General purpose, in my view, is an overstatement. (That said, maybe I work with an atypical set of problems.)

OO is appropriate when the least complicated way of modelling a problem is in terms of agents with internal states communicating. In other words, something like a physics engine is a natural fit for OO.

I mostly work with processing large amounts of text data between formats, occasionally doing analysis. (This is, as far as I can tell, a pretty typical programming job.) This kind of work lends itself well to multiple parallel stages with relatively little state, much of which is short-lived. In other words, it fits well with the UNIX pipeline model, and both OO and FP would be a poor fit. (I’ve had to work with other people’s attempts to shoehorn this kind of process into an OO framework; when I can get away with it, I replace a few thousand lines of Java with two or three lines of shell.) In other words, this is the ‘general case’ for my line of work.

I occasionally come across a circumstance where OO makes sense. I wrote an OS in D, and because D’s object system is similar to C’s structs and unlike C++’s objects, I was able to make excellent use of inheritance & polymorphism for wrapping abstraction around memory-mapped devices like VGA memory; I also made heavy use of object orientation when modeling some novel data structures for Project Xanadu. However, in none of these cases was it convenient or sensible to go full-OO — all of these cases were ‘mixed paradigm’ with a lot of procedural and functional code, and even when I wrote OO, I violated encapsulation whenever I needed to & barely took advantage of inheritance.

I understand why pedagogy around OO is so popular. After all, human beings deal with objects with internal state in real life all the time, so these concepts are familiar to non-programmers. Likewise, inheritance hierarchies mimic the form that every naive cataloguer produces. But, like John Wilkins in his Essay Towards a Real Character and the imaginary Chinese philosopher in Borges’ Celestial Emporium, we quickly find that reality doesn’t neatly conform to either a hierarchy of relation or a conception of objects with attributes.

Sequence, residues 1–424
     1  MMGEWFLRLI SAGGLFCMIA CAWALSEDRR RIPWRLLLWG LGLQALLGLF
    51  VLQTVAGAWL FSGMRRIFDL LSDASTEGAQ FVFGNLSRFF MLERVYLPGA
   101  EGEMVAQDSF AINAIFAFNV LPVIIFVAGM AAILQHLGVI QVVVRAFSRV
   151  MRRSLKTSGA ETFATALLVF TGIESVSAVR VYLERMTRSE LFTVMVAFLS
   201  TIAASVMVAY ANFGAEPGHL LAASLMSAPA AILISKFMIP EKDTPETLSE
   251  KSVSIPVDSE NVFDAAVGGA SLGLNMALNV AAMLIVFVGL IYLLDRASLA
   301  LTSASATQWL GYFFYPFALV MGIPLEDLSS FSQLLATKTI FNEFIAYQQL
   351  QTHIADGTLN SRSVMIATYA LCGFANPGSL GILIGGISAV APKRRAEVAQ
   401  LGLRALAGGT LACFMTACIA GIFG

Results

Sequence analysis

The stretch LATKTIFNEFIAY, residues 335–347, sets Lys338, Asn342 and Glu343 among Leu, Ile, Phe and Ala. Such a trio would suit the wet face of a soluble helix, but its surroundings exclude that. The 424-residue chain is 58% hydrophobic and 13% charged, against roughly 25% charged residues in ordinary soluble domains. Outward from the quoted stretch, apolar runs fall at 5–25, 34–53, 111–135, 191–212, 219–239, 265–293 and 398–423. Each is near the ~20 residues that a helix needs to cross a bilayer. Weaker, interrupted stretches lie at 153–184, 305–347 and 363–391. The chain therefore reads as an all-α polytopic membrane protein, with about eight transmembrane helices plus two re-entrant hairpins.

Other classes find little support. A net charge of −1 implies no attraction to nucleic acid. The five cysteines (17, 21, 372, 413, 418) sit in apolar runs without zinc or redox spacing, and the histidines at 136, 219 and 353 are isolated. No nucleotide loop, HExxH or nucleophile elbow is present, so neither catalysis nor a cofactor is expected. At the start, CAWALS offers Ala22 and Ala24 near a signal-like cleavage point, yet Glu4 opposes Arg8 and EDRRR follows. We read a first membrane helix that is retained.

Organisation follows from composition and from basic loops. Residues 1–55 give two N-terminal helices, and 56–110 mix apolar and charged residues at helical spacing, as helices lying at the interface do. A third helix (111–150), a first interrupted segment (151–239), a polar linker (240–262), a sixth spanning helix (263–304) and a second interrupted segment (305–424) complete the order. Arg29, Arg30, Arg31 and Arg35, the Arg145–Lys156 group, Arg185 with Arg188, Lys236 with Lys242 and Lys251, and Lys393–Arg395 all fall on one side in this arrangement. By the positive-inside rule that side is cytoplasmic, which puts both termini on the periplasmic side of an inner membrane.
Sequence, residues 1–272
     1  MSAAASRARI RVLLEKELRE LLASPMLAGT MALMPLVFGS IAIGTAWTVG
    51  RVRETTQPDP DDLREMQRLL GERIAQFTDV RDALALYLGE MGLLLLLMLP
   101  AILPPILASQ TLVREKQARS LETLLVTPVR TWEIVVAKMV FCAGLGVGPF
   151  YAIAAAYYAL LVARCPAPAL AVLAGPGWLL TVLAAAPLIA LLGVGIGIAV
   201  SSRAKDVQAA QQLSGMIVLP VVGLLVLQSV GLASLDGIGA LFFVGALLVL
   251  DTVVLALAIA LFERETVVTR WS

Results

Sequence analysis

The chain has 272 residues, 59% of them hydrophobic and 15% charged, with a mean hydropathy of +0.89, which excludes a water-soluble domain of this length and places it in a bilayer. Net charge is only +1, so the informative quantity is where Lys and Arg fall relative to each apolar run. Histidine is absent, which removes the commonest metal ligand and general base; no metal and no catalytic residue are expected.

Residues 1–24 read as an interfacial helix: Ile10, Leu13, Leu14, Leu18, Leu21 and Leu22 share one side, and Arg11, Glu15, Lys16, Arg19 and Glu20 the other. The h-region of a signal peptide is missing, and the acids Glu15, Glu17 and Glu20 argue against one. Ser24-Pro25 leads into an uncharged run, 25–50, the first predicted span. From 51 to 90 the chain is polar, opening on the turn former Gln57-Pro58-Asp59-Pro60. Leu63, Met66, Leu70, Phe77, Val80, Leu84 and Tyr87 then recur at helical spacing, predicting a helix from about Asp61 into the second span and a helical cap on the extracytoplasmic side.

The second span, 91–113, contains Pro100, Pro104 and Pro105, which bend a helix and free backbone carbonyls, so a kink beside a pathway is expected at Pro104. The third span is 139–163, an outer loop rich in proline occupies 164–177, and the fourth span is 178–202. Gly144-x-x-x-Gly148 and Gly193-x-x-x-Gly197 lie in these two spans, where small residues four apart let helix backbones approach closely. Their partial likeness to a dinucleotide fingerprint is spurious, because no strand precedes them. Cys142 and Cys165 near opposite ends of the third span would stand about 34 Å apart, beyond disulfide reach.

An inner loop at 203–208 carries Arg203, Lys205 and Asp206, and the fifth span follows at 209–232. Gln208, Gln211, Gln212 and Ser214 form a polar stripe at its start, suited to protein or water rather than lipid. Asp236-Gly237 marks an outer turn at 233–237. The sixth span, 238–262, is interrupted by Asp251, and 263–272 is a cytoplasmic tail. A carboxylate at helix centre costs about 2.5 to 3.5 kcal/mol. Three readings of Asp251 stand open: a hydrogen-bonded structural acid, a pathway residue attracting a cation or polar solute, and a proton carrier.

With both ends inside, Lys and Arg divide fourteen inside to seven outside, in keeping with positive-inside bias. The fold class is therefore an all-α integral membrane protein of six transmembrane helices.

In other words, OO is a convenient stepping stone to other paradigms, and is useful in of itself when a mapping of the problem space to a set of objects is either immediately obvious or (in the case of physics engines) provided in the literature, but its most useful attribute is the way in which it demonstrates its own limits. Despite this, because most formally trained software engineers have only ever had serious experience with so-called OO languages & with material that promotes OO to the exclusion of other paradigms, there is the (false, but widespread) belief that the problems introduced by trying to shoehorn the wrong problems into OO are problems of programming in general and are irreducible. The idea that there is such a thing as a general purpose programming paradigm that is ‘good enough’ for anything, while convenient for casual developers who would like to avoid learning more than the basics of a single language, supports this essentially artificial set of problems.

The current boom in interest in functional programming is hardly unexpected: you teach people that the one true paradigm is a bastard mix of OO and procedural programming for twenty years and that it’s the end of history, and as soon as they are exposed to an alternative they’ll jump all over it: most problems introduced by OO are artifacts of OO and dissolve as soon as you break out of it, but FP has similar artifacts.

Poor CS pedagogy is a bit of a hobby horse for me. OO is as it is, and I don’t have anything against it as such, but the idea that OO is generally applicable (or, more generally applicable than some other given paradigm) is getting in the way of professors and authors realizing that all serious developers need to have a full toolbox. The current miserable state of the development world is a result of every developer having a pair of vice grips & nothing else — and while you can solve pretty much any problem after a fashion with a pair of vice grips and a few hours of fiddling, you end up with a lot of mangled screws and bloodied fingernails.

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Resident hypertext crank. Author of Big and Small Computing: Trajectories for the Future of Software.

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